Safety professionals may use software applications to select and rank countermeasures. The SafetyAnalyst tool from AASHTO includes economic appraisal and priority ranking tools.39 The economic appraisal tool calculates the BCR and other metrics for a set of countermeasures. The priority-ranking tool ranks proposed improvement projects based on the benefit and cost estimates from the economic appraisal tool. The priority-ranking tool can also determine an optimal set of projects to maximize safety benefits.
A CMF can be obtained from a cross sectional model. Suppose the intent is to estimate the CMF for shoulder width based on the following SPF, which was estimated to predict the number of crashes per mile per year on rural two-lane roads in mountainous roads with paved shoulders (Appendix B of Srinivasan and Carter, 201144):
Where, AADT is the annual average daily traffic and SW is the width of the paved shoulder in feet. If the intent is to estimate the CMF of changing the shoulder width from three to six feet, then the CMF can be estimated as the ratio of the predicted number of crashes when the shoulder width is six feet to the predicted number of crashes when the shoulder width is three feet:
This ratio simplifies to:
This CMF of 0.952 indicates that changing the shoulder width from three to six feet would be expected to reduce crashes (since the CMF is less than 1.0). Specifically, the expected change in crashes would be a 4.8% reduction (1.0 – 0.952 x 100 = 4.8).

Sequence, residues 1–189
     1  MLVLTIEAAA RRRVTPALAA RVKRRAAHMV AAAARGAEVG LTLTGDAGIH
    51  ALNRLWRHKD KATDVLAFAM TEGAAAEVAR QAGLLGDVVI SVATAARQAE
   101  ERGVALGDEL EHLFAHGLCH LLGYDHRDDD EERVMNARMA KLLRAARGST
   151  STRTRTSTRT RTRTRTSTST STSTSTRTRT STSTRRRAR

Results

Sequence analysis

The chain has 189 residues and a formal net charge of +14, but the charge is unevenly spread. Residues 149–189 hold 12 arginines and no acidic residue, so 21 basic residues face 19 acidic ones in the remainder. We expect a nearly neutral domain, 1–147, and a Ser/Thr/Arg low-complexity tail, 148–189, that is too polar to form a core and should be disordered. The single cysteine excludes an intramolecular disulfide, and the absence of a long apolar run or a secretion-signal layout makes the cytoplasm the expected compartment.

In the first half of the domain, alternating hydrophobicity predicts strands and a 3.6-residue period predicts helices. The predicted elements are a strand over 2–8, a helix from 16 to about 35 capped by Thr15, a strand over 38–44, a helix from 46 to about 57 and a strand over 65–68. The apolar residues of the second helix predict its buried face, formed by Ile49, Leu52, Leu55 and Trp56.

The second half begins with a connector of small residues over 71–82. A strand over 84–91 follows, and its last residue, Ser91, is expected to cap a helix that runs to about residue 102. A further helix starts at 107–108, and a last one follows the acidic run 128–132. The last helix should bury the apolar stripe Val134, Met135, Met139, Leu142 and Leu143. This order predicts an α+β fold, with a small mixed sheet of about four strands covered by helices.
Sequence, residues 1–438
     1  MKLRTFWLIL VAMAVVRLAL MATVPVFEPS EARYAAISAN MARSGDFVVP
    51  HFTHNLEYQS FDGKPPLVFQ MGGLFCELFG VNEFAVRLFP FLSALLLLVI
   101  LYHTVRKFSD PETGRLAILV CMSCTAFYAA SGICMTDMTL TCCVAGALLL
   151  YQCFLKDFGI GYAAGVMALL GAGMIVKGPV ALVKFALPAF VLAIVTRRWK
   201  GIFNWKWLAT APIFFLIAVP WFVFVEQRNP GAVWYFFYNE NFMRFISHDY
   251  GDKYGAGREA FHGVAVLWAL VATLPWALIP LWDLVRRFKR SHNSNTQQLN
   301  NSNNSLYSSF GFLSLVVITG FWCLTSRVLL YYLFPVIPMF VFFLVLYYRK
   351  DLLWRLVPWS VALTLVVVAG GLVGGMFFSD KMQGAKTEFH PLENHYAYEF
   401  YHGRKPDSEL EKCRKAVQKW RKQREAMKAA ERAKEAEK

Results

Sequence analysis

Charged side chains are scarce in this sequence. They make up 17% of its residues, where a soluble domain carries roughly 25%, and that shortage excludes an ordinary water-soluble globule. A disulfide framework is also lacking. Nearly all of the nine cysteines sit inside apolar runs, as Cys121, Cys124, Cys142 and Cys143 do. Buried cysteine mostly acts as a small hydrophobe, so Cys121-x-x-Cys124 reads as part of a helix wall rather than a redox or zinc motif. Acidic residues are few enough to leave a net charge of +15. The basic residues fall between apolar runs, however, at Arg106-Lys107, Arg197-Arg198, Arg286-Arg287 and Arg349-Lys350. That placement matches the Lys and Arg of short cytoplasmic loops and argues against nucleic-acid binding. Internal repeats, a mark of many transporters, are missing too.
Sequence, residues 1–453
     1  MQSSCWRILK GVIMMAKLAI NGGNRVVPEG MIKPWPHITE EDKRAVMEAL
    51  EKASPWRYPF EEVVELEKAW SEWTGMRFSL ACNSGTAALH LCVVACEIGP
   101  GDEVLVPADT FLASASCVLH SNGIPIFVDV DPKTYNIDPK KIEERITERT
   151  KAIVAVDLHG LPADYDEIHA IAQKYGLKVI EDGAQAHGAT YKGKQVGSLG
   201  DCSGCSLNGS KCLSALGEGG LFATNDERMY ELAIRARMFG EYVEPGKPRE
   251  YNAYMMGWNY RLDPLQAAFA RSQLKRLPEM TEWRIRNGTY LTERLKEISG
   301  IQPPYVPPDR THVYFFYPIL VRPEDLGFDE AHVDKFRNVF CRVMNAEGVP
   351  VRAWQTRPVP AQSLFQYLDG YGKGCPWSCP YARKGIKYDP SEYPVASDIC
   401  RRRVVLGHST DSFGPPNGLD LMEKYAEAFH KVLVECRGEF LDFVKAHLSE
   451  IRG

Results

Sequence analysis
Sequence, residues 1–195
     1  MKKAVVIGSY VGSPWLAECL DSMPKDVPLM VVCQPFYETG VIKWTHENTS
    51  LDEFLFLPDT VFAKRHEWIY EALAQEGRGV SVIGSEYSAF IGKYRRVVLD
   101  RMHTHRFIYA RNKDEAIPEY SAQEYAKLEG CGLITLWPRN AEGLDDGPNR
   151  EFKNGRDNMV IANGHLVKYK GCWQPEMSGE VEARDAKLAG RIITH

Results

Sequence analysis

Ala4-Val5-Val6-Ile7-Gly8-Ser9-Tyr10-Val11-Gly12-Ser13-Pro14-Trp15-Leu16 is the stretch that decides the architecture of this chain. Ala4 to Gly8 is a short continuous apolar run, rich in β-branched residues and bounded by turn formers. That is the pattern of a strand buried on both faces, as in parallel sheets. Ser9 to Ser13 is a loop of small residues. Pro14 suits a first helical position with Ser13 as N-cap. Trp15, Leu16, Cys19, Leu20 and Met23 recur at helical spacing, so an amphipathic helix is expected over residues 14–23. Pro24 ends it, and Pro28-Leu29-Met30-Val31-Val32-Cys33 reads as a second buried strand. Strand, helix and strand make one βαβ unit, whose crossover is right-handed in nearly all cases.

However, it is important to recognize that this CMF of 0.952 is the midpoint in a range of possible values (i.e., the confidence interval). This range can be calculated by using the standard deviation of the CMF. In order to estimate the standard deviation, the standard error of the coefficient of SW is needed, which was reported to be 0.0015 in the original study. The high and low ends of the confidence interval are calculated using -0.0164+0.0015, and then using -0.0165-0.0015, and the difference between the two is divided by two. The equation is given below:
The approximate 95% confidence interval for the CMF is (0.952 - 1.96 x 0.004, 0.952 + 1.96 x 0.004), which translates to a range of 0.944 to 0.960. Since the entire 95% confidence interval is below 1.0, the CMF is statistically significant, thereby indicating that widening the shoulder from three to six feet is very likely to reduce crashes.
This example is an illustration of an EB before-after evaluation that was conducted as part of NCHRP Project 17-35.51 The countermeasure was a change from permissive to protected-permissive left turn phasing at signalized intersections in North Carolina. Data from twelve locations were used in this evaluation. A reference group of 49 signalized intersections was identified for the development of SPFs. The analysis looked at total intersection crashes, injury and fatal crashes, rear end crashes, and left turn opposing through (LTOT) crashes. In this example, only the data for LTOT crashes will be used.
The SPF for LTOT crashes based on the data from the reference group was: